Reflection (Page 850) In Ferdinand De Saussure's Course in General Linguistics, almost the entire reading from our assigned texts that is, has conventionally been summarized on page 850. Overall, Sassuare explains his analysis of language by describing it as a system of signs and comparing/contrasting words in a language to other words. He says that words are what they are because of what they're not, and language wouldn’t exist without sound-image. Saussure analized language as a system of linguistic signs that he used to explain the “..indefinite plan of jumbled ideas..” inside our minds (Saussure 856). Sassaure’s diction on page 850 really stuck out to me obviously because it's the first example of his strange thought process. His diction is rather strange at times, but I thought this page served as a great introduction of what type of “adventure” you're about to embark on trying to follow along and get inside of Sassaures head for the rest of this piece. For example, who characterizes language and speech as heterogenous or homogenous? What does that even mean? What is a speech-circuit? This definitely is NOT a book that you can read or should be able to read, process, and comprehend on a first read through.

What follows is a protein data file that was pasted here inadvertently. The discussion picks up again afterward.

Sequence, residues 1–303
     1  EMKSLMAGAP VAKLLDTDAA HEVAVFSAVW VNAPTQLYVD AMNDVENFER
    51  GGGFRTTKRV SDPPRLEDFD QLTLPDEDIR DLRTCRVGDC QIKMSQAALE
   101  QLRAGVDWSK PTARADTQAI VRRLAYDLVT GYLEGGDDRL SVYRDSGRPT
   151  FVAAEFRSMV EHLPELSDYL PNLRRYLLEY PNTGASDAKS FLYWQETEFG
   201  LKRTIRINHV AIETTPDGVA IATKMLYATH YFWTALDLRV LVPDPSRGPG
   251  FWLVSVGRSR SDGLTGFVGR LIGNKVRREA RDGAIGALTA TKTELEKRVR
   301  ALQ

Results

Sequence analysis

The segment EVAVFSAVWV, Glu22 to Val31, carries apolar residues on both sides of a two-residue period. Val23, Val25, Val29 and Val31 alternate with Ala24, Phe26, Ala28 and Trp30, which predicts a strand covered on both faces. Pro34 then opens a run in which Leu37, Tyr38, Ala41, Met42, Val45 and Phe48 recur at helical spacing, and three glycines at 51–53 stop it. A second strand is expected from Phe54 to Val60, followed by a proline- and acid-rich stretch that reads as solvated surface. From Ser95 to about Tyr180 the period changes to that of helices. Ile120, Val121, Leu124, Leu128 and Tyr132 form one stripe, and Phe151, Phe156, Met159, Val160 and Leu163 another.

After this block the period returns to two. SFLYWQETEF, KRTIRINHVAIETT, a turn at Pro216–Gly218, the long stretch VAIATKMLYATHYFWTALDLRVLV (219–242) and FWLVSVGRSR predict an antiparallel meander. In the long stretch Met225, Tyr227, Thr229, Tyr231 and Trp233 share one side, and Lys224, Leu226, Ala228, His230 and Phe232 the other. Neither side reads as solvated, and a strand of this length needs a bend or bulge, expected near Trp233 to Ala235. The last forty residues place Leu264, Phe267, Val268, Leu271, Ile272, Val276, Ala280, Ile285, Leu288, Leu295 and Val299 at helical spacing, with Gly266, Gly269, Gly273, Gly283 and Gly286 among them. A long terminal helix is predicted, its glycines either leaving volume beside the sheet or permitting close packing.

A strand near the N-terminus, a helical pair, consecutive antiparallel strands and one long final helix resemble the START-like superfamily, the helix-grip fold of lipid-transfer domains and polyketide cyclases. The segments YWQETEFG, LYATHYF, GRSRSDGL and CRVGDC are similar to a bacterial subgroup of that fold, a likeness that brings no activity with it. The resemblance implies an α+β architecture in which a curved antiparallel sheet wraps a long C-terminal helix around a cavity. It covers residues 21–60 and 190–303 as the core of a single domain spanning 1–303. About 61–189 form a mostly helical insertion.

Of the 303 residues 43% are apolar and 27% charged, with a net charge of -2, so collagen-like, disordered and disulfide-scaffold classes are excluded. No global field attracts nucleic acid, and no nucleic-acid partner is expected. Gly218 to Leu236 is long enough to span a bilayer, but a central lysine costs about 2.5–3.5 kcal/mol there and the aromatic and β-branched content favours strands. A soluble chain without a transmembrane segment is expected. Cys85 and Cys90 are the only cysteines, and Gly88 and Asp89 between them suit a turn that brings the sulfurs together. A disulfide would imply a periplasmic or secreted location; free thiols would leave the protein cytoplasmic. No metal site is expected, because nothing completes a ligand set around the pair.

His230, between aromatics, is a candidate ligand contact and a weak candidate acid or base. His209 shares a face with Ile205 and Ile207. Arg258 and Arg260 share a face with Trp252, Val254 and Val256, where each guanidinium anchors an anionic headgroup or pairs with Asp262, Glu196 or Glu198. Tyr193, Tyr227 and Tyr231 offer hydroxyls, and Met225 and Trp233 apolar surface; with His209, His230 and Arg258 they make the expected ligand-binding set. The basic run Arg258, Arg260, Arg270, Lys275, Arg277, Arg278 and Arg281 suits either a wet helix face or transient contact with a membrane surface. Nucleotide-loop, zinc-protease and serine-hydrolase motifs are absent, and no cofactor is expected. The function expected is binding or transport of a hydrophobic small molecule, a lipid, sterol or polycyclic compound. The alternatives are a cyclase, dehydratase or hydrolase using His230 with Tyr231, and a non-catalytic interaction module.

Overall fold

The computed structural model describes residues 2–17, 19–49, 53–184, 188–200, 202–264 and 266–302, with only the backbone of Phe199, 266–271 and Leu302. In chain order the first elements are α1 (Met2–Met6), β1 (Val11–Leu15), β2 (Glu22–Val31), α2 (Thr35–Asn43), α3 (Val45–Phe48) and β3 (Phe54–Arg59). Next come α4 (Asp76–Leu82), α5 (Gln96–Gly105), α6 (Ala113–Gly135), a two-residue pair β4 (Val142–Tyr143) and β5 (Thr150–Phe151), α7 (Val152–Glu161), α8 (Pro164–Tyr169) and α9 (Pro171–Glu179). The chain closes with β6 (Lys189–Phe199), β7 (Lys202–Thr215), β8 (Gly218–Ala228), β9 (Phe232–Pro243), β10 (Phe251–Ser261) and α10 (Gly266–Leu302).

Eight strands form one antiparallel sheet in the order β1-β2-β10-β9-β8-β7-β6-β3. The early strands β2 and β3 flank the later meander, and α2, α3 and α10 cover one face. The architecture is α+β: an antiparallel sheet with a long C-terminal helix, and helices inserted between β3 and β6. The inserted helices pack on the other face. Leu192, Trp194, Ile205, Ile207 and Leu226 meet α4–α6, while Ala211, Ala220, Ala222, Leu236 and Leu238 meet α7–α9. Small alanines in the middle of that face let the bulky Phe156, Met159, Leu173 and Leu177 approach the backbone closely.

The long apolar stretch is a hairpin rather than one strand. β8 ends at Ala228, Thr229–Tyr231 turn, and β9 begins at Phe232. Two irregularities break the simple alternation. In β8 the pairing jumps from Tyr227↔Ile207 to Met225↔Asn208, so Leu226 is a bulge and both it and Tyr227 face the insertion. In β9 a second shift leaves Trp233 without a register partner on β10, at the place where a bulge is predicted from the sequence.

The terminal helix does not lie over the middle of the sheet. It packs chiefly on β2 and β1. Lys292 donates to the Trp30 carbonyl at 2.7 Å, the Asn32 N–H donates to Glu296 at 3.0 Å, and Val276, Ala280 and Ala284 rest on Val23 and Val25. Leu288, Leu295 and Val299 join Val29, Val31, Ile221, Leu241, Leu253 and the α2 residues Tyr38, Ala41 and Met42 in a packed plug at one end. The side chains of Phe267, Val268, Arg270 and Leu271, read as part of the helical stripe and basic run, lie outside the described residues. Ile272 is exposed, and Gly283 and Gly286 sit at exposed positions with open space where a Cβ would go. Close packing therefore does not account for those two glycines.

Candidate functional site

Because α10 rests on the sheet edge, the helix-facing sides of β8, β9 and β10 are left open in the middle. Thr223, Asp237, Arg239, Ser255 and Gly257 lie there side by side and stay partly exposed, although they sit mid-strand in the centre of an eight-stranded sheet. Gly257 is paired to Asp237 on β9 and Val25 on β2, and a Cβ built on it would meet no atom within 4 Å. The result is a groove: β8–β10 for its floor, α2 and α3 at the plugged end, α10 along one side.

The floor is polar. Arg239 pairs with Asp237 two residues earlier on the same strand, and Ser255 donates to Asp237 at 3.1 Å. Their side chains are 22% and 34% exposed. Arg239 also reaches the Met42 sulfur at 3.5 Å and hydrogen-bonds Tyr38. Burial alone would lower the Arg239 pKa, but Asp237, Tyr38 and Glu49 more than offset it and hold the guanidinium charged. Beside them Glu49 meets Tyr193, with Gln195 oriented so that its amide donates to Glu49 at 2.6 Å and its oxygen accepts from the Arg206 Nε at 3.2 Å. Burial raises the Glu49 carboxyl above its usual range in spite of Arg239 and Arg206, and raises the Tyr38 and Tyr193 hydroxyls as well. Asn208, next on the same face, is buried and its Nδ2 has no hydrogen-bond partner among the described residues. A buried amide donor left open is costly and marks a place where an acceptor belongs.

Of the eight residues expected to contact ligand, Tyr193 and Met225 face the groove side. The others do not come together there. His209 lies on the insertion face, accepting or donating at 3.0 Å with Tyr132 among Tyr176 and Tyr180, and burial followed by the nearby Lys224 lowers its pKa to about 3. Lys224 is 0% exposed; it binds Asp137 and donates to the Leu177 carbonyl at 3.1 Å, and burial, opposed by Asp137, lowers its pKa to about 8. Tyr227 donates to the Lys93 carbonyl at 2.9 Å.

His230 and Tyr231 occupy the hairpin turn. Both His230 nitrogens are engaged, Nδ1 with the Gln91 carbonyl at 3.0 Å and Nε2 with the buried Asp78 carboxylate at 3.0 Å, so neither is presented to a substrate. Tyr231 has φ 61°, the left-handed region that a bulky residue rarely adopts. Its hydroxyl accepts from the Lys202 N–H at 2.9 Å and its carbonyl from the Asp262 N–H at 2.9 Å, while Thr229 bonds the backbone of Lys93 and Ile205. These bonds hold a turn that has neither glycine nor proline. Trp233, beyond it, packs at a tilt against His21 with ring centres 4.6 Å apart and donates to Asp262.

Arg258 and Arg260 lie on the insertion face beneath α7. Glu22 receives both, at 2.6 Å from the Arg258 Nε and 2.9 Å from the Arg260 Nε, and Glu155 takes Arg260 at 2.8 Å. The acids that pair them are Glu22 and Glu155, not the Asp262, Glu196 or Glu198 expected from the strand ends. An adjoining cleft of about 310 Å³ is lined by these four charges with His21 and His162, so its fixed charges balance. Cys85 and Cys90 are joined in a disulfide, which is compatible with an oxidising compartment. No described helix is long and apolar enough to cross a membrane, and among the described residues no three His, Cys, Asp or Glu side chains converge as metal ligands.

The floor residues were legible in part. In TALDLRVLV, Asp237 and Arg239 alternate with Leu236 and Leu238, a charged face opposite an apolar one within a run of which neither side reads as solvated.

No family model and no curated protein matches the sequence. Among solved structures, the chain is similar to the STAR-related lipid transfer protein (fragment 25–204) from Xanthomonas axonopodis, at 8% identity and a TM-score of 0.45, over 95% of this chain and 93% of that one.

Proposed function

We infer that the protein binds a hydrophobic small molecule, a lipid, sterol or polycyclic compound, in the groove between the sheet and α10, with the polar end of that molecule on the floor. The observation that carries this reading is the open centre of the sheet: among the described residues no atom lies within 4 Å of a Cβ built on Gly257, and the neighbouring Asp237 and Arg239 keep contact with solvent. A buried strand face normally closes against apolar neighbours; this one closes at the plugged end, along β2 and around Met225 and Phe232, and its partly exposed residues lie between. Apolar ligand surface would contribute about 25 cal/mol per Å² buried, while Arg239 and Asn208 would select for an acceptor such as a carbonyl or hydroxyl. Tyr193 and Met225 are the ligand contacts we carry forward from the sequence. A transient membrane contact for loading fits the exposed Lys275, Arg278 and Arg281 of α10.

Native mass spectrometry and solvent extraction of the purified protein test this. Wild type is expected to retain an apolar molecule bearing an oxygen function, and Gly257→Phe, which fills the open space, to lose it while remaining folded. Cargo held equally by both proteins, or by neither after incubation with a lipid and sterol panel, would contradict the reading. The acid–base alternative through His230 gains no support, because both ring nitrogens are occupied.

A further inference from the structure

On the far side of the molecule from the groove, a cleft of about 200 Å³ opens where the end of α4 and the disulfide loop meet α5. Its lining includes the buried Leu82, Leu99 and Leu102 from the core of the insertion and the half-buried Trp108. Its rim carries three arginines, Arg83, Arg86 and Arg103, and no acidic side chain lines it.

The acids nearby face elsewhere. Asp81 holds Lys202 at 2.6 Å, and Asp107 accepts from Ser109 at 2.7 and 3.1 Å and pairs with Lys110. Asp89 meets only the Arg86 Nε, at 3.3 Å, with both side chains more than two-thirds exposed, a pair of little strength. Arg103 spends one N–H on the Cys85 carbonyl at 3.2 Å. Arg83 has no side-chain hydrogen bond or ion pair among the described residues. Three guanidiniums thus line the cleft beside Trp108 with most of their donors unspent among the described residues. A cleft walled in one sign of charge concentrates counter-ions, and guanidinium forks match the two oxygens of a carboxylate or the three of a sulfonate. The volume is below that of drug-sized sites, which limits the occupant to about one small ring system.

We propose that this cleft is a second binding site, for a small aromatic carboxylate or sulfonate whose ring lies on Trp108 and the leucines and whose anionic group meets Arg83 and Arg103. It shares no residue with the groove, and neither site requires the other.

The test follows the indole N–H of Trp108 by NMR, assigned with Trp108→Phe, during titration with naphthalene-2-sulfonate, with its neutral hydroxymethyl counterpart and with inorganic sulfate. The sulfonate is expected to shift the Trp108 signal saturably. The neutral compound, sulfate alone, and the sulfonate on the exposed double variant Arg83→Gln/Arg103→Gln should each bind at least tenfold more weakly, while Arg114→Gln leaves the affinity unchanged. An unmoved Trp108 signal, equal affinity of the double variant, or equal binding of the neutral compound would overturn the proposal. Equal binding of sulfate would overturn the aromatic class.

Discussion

On page 850, he explains what he considers to be the characteristic of language. He says that language is just a system for phonic images and were we’re first introduced to his obsession with sound image, “..auditory image becomes associated with a concept..”